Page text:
When General Electric (GE) doesn't answer questions about whether the company is going to cut its quarterly dividend, a symbol of stability at one of America's industrial bellwethers, you know it's trouble. After all, the last time GE had to reduce its shareholder payment was at the height of the financial crisis in February 2009, the first cut since 1938.
Nearly eight years after the recession ended, GE may again be considering a move to trim its dividend, a potential blow to the millions of shareholders who have come to expect that income.
One measure of how unusual that would be: GE, the only remaining original member of the Dow Jones Industrial Average, has paid a dividend to investors since 1899. Yet after today's weak third-quarter earnings report and forecasts, it's looking more and more like investors may need to brace themselves for another historical aberration.
The conglomerate missed Wall Street's third-quarter estimates, sending shares tumbling to their lowest since September 2013. It continues a streak of underperformance that's cut the stock by about a quarter of its value this year as the company named a new CEO, , named an activist investor to the board, and signaled a broad cost-cutting program that may pare the industrial giant's size as the company targets $20 billion in assets for divestiture.
New CEO John Flannery, who took over the company Aug. 1, called the third-quarter results "completely unacceptable" and told analysts on the conference call that "everything is on the table" to improve results. Decisions, including those on the dividend, will be outlined at a Nov. 13 meeting, Flannery said.
Perhaps more important, and a bigger clue to the dividend payout, is GE's cash-flow forecast. GE today slashed its 2017 forecast for the cash flow the company gets from its industrial operations nearly in half, to $7 billion, from an earlier goal of more than $12 billion. GE spends about $8 billion to pay out its dividends annually, according to Bloomberg.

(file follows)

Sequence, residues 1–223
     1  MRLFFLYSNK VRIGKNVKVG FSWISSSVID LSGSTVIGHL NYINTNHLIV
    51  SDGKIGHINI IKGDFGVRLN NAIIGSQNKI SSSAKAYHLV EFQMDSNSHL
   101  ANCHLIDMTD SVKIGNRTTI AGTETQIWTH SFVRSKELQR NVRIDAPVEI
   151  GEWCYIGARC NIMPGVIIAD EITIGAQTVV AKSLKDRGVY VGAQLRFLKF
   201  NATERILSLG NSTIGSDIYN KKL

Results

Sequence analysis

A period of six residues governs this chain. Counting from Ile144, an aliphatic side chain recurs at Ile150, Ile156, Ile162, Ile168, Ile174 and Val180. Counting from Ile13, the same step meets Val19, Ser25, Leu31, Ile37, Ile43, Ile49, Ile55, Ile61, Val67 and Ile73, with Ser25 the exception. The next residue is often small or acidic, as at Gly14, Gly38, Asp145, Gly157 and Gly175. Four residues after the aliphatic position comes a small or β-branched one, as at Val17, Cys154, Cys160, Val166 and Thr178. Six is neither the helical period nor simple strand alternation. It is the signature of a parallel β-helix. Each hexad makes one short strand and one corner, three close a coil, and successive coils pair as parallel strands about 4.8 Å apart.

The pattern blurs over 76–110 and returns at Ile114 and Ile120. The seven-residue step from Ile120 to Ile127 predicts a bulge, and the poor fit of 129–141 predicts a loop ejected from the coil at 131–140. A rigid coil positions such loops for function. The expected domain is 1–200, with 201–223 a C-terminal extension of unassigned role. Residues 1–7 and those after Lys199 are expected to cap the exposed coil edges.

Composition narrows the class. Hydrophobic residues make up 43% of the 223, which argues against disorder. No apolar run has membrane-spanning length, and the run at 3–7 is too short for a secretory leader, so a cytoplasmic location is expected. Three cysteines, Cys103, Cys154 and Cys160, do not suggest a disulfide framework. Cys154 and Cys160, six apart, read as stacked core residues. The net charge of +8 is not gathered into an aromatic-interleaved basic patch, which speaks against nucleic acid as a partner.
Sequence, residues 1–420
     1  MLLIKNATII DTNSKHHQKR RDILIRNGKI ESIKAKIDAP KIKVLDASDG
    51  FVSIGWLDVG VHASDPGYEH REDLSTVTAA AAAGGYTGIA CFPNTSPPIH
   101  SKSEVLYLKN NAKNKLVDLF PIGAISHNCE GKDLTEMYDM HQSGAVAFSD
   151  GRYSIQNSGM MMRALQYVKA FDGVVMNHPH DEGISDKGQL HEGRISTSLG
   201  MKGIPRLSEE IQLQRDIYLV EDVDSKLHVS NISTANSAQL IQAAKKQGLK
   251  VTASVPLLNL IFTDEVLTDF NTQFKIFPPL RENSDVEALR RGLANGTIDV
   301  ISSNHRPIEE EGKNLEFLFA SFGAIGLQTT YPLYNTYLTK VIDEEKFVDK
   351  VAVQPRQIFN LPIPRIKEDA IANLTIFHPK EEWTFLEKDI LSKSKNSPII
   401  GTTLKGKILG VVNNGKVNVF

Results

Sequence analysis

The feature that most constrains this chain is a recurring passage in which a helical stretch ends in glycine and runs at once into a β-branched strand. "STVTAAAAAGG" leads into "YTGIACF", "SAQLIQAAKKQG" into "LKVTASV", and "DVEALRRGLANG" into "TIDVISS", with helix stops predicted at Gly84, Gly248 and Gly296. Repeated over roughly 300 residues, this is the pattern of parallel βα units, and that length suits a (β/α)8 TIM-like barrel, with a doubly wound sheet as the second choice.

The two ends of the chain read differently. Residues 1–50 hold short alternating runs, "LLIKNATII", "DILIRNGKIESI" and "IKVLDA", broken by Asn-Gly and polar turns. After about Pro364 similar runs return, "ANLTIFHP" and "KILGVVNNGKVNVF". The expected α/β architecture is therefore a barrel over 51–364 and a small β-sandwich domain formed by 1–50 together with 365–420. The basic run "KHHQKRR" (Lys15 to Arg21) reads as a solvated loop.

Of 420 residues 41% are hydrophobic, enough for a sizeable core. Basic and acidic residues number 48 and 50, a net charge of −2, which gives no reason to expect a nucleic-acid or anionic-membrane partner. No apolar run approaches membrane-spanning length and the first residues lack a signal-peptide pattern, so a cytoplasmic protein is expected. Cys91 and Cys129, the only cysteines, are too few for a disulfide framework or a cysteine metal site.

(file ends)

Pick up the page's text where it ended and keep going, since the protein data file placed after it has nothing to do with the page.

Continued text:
Cash-flow measures are important because they are used to gauge what's left after operations to pay dividends, buy back stock, and invest in businesses directly and through acquisitions to stoke growth.
By one analyst's math, GE's dividend payout ratio -- the amount of earnings needed to keep the dividend payout at its current level -- hovers at about 88 percent. That leaves just 12 percent to invest back into the company and elsewhere if spending isn't slashed or business doesn't improve.
"So how is that level of dividend sustainable without jeopardizing the future growth of the company?" Steven Winoker at UBS asked on an earnings call with GE executives today.
"The lower cash-flow target will likely bolster the market's skepticism over whether GE can sustain its dividend at its current level," wrote RBC analyst Deane Dray in a note to investors.
More than 60 percent of GE's shares are held by retail investors -- that is, individuals rather than financial firms. That makes the decision for GE all the more important: Cut the dividend, and even more investors may flee.
GE shares fell immediately after the company released its latest earnings, but recovered to $23.74, roughly level on the day, shortly before the close of trade.
"The dividend is a priority in our capital allocation framework, and we understand its importance to our investor base," Flannery said on the call.
The $7 billion "is not a zip code we're going to remain in," he said. "We expect improvement in that cash flow substantially in 2018."
The dismal results stem from a bigger-than-expected drop in GE's power equipment division, as well costs for restructuring. GE is the biggest maker of power generation equipment, aircraft engines and locomotives, among other large industrial equipment.
Flannery "is saying all the right things. His words on the call today were aggressive and seem appropriate," Scott Davis of independent firm Melius Research wrote in a note to investors that was highly critical of Flannery's predecessor, Jeffery Immelt, and his 16-year tenure. "It's been a very long time since we've had honest words (matching up with honest numbers) on a GE conference call."
The last time GE faced a cash crunch of such a scale was during the financial crisis a decade ago. GE halted the buyback, and in February 2009 cut its quarterly dividend by 68 percent as the global financial crisis deepened. It was the first cut since the Great Depression, and largely seen as an outside response to freezing capital markets.
With improved cash flow and a slimmed down company, a cut stemming from this cash crunch is unlikely, Davis wrote.
"The dividend won't be cut as GE will focus on growing free cash flow and earning into it," he predicted. "We think that's the right answer as it forces the company to really drive free cash flow from here. They have no choice."